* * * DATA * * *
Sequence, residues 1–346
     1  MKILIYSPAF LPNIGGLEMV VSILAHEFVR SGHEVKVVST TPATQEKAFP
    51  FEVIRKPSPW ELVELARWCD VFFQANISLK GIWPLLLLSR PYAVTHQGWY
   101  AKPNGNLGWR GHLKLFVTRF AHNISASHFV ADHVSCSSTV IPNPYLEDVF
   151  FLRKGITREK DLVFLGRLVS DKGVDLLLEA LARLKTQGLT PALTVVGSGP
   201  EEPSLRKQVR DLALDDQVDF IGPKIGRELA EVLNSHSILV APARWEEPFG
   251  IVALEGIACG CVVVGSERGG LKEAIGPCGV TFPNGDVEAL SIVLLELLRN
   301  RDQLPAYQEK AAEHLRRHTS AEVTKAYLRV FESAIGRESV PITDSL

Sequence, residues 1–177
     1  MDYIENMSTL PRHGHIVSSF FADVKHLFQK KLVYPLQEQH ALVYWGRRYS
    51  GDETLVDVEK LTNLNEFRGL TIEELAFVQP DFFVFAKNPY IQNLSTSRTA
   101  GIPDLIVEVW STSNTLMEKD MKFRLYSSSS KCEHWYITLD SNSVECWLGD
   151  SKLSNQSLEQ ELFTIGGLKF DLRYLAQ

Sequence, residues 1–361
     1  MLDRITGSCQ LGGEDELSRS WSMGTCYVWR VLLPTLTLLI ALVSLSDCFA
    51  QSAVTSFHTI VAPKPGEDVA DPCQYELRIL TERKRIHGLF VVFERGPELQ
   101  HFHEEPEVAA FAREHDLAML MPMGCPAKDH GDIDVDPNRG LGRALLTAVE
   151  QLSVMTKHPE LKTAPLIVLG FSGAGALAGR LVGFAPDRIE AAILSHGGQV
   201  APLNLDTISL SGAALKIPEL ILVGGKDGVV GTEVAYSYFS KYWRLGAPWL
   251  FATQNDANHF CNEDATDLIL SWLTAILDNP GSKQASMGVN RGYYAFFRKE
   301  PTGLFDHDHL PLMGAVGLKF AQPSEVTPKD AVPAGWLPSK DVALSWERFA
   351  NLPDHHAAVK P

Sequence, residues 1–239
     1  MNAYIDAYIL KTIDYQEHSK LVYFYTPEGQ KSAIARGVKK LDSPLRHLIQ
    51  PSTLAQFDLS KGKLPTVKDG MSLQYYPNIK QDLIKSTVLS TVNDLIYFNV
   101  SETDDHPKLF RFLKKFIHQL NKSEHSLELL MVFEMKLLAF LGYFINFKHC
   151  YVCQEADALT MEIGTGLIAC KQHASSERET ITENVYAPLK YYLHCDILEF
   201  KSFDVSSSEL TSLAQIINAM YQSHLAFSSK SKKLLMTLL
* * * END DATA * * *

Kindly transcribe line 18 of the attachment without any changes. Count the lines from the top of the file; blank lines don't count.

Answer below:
   151  QLSVMTKHPE LKTAPLIVLG FSGAGALAGR LVGFAPDRIE AAILSHGGQV